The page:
iv)   To find in appeals for review in criminal and non-criminal issues (an appeal for review is an extraordinary means of impeachment used—in the face of a sentence passed with the authority of a matter which has been tried—in order to exercise certain grounds for exception expressly established by the law, with the object of obtaining the reversal of the impeached decision);


v)     To protect departmental autonomy (of mayors—“Intendentes”—or Departmental Councils);


vi)   To settle disputes of jurisdiction between two or more tribunals of the Judicial Branch;


vii)  To pay annual visits to prison establishments, exercising the power of pardon (which extinguishes the crime).


The SCJ is composed of five judges, elected by the General Assembly with a majority of two thirds of the votes of the total number of members.


4.2.         Courts of Appeal

The Courts of Appeal find, in the second instance, in appeals lodged against sentences of the first instance passed by District Courts in the respective areas. The Courts of Appeal are specialized according to subject matter; at present there are Courts of Appeal in the following areas: Civil, Family, Labour and Criminal.


4.3.         Courts

The Court is the basic jurisdictional unit; the difference between a Court and the Courts of Appeal being that the Courts find in the first instance and are individual, whereas the Courts of Appeal find in the second instance and are composed of a tribunal (three members). Courts may be of three types: District, Peace and Rural.


District Courts (“Juzgado Letrado”)

District Courts are of two kinds: District Courts of First Instance, with territorial jurisdiction within the department of Montevideo, and District Courts of First Instance in the Interior, with jurisdiction in departments other than Montevideo (in Uruguay, the area beyond the capital city of Montevideo is known as the “interior” of the country).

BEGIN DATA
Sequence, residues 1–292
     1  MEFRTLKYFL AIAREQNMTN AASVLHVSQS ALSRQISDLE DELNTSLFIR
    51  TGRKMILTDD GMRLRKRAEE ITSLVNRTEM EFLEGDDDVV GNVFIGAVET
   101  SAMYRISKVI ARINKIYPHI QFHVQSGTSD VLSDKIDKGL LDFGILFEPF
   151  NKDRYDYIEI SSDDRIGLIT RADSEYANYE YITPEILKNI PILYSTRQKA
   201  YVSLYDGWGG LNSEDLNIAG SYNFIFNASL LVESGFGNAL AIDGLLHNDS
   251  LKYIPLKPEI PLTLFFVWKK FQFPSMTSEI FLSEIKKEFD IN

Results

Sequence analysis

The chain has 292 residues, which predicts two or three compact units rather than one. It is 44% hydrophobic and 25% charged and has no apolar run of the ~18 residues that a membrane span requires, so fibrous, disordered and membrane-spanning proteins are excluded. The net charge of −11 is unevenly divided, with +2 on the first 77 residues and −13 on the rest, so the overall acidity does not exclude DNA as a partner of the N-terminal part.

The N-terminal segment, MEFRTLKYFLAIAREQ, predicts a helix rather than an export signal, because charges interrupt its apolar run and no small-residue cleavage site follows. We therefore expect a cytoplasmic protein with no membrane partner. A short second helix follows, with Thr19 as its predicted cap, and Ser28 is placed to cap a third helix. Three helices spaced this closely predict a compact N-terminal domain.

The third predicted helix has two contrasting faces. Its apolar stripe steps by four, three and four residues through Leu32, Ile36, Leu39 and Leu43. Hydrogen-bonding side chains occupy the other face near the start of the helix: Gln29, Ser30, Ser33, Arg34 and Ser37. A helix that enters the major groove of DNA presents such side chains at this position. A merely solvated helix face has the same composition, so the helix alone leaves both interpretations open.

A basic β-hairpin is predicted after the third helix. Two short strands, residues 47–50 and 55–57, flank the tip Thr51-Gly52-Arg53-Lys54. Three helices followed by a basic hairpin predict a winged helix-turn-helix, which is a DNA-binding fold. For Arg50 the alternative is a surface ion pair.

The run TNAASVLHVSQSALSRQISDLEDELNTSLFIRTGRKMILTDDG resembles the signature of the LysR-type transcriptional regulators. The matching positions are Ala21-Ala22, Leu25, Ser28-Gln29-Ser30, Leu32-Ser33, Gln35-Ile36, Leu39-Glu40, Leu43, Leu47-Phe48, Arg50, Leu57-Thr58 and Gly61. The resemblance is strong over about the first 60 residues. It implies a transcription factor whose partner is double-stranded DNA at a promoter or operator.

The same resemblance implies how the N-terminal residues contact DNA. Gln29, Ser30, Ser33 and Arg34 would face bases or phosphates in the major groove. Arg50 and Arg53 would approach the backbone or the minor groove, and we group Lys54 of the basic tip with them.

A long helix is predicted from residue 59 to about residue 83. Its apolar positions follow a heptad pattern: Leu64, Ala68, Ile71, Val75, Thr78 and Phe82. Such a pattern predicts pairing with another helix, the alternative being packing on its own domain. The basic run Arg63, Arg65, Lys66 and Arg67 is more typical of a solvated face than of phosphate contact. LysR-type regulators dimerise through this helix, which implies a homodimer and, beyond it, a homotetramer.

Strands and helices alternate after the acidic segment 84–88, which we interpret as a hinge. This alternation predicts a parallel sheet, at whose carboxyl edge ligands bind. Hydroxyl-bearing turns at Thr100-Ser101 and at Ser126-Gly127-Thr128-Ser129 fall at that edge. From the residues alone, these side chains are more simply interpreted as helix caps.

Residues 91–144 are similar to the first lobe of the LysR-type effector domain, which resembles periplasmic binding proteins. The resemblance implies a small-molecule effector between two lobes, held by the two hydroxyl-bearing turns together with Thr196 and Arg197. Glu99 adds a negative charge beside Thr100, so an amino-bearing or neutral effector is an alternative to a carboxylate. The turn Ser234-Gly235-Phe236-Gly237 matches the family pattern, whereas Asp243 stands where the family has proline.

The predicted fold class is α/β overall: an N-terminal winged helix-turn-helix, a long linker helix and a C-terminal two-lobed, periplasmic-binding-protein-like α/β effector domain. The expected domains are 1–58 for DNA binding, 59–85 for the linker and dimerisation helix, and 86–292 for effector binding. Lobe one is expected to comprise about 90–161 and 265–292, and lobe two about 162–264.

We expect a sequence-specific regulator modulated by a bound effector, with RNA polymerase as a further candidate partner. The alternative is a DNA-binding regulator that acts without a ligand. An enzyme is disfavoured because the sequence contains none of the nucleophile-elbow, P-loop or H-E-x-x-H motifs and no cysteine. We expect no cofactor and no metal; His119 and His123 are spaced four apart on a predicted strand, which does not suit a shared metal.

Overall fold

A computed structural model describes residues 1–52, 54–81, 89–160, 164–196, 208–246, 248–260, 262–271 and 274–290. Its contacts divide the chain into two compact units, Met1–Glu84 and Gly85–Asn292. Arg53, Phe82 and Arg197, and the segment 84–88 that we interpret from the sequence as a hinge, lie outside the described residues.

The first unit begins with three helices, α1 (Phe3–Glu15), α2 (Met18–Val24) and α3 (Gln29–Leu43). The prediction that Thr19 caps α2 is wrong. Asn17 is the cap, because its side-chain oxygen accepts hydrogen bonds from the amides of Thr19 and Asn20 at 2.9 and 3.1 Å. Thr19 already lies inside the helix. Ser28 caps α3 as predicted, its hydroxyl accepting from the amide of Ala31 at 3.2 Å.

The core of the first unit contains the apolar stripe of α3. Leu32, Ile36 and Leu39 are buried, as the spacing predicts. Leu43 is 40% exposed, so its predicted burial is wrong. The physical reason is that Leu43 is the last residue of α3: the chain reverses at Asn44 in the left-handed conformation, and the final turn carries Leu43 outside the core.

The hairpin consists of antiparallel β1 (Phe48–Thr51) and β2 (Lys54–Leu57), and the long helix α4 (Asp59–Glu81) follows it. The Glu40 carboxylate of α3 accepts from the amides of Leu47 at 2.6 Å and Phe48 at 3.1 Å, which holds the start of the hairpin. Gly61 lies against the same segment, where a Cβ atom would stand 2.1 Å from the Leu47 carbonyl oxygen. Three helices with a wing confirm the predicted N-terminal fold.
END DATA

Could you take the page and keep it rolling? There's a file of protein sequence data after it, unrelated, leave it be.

District Courts of First Instance

Although their full name includes the term “of First Instance”, this is a redundancy, as, in fact, there are no District Courts of Second Instance. Furthermore, District Courts of First Instance act as appeal courts for Peace Courts, so the name is not entirely apt.


Specialization of the District Courts, according to subject matter, is as follows:








Claims and pleas with regard to legitimate and natural filial relationships and to civil status; actions related to marriage and the situation of spouses; legal separations, divorce, marriage annulments, alimony or maintenance payments and visiting rights; guardianship, tutelage, administration of children’s assets; suspension, limitation, loss and restitution of parental authority; emancipation, coming of age rights and permission to make use of assets; adoption and legitimization through adoption; declarations of incapacity, guardianship and absence; matrimonial assets system; inheritance procedures; and personal or patrimonial matters arising from concubinage.





District Courts of First Instance in the Interior

Their territorial jurisdiction is in the departments in the interior of the country (outside of Montevideo), whereas their material jurisdiction comprises various matters: criminal, labour and customs; and in civil matters, commerce, property, family and minors. They also find in the second and final instance in appeals originating against sentences passed by the Peace Courts within their territorial jurisdiction.


Peace Courts (“Juzgado de Paz”)

As in the case of the District Courts, Peace Courts are of four types, and their jurisdiction is distributed according to two criteria: territorial and monetary.